Here’s how Kathy and Ken Lindner, the owners, explained what happened: “After ten years of trying to find affordable cold storage in L.A. County, on Sunday 7/14 Lindner Bison was banned from selling in farmers markets. Verny Grajeda, the inspector issuing the ban, must personally approve any new storage location. Until he does, Lindner bison cannot sell in LA farmers markets. Further Mr. Grajeda has indicated legal action against Lindner Bison.
“As a two-person company with a spotless quality and public safety record, and impeccable reputation, Lindner Bison uses interim commercial chest freezers that we've been told by Environmental Health meet county requirements. If the freezers were on the ranch and we brought our meat directly to each market from our ranch, 12 hours (600 miles) away, though impossible this too would meet county requirements. Most of the meat is in an affordable state licensed facility in Bakersfield, Kern County. For interim storage, L.A. County regulations state the meat must be in a ‘county approved storage’ facility.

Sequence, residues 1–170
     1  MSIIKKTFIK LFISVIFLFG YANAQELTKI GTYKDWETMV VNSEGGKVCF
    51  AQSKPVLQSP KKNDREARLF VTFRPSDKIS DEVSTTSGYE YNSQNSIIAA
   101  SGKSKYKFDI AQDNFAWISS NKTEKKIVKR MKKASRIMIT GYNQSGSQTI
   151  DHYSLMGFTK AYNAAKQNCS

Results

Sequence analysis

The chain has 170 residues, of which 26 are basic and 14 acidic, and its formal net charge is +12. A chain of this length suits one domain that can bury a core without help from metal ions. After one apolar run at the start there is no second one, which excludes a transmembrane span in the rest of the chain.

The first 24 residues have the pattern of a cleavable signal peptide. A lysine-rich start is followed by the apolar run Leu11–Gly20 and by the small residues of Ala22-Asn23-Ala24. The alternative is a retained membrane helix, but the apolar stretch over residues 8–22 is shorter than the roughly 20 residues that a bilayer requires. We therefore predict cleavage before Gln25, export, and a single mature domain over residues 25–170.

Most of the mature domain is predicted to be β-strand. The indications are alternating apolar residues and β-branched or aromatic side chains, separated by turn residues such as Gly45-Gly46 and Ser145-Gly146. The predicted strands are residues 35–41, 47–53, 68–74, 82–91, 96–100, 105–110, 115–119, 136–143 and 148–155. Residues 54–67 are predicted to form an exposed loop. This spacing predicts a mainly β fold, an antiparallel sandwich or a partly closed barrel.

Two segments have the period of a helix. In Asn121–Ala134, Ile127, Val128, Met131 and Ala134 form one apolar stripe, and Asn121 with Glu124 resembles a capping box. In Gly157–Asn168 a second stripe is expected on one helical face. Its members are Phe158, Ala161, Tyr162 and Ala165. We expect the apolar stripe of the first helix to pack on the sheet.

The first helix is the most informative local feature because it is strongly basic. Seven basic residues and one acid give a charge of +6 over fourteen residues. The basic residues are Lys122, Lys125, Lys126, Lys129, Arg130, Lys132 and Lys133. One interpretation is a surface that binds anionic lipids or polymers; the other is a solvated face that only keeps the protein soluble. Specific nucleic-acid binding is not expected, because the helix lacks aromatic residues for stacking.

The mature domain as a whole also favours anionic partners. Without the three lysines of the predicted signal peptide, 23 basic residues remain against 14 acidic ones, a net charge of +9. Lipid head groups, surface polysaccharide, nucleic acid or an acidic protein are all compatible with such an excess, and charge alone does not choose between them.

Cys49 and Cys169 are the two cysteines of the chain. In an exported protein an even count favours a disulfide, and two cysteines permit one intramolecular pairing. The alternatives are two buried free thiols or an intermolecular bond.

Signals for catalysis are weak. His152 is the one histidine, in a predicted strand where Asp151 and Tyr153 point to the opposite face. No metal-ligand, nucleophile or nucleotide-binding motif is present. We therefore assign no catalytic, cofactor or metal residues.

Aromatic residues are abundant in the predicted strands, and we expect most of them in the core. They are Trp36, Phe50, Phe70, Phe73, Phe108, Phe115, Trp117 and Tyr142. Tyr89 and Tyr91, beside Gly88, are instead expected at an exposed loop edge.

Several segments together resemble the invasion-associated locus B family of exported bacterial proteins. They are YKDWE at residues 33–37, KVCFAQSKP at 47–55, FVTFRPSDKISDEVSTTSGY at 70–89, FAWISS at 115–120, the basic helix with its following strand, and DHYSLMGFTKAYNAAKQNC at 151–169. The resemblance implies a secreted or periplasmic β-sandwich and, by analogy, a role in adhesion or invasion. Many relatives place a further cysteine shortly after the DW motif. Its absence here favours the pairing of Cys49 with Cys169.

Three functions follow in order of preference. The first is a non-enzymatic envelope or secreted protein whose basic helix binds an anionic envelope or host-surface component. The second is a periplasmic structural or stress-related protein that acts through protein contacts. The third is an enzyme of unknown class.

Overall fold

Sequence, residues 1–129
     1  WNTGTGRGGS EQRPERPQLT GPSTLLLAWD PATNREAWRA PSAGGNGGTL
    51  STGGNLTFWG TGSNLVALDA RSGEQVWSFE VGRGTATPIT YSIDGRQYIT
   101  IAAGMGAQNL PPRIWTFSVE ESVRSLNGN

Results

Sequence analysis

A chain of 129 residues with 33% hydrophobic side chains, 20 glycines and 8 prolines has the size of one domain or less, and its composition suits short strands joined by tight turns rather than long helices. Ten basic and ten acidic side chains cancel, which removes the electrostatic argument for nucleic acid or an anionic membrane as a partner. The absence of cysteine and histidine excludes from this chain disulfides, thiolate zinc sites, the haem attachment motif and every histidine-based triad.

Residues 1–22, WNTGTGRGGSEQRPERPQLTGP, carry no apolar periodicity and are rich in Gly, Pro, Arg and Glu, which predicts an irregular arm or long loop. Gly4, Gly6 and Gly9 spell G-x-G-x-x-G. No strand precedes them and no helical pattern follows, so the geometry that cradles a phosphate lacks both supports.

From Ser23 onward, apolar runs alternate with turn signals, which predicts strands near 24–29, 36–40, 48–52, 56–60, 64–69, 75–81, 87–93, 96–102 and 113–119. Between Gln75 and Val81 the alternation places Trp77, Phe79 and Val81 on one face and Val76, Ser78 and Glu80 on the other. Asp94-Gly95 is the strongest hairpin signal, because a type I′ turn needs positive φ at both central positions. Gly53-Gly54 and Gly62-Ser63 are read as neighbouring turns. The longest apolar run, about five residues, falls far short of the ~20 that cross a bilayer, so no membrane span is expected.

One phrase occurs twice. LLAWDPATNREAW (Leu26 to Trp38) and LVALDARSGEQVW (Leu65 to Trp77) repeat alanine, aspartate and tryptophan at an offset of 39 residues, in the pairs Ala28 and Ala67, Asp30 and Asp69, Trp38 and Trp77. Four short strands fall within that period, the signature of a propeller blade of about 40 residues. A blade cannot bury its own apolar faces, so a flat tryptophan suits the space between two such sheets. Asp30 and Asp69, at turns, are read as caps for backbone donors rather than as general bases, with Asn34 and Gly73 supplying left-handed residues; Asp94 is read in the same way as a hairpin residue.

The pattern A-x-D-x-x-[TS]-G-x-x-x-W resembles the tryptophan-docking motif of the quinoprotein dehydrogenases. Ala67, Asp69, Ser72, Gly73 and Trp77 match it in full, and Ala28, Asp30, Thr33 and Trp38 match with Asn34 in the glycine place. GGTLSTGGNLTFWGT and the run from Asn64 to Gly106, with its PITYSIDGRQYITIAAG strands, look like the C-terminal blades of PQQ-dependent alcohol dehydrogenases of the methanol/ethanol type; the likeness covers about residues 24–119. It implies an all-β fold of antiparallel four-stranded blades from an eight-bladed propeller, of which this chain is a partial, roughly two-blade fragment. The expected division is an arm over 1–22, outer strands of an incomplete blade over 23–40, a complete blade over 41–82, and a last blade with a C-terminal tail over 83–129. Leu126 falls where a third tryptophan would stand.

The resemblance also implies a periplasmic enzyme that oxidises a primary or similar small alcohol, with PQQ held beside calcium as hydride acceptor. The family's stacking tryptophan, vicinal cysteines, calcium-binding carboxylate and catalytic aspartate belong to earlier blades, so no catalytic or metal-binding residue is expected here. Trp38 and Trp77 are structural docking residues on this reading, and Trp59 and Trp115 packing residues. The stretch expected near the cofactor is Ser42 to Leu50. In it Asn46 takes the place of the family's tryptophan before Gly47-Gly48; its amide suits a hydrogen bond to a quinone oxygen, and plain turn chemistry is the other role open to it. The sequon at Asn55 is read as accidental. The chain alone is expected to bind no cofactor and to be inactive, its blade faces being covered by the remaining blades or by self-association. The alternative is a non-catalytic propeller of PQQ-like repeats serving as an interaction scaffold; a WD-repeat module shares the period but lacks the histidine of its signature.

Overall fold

“What is 'an approved facility?' It's hard to say. The question has been asked and the answer seems to be 'pay the fee, submit your plans and we'll get back to you.' Since April we've worked with someone who has done just that. Over $800 non-refundable license fees and countless resubmittals later, he gave up saying the latest requirement was installing a floor drain and creating a painted ceiling where a flourescent light and ceiling panels exist. This just to place four self-contained commercial chest freezers in a warehouse office space. In frustration he abandoned the effort.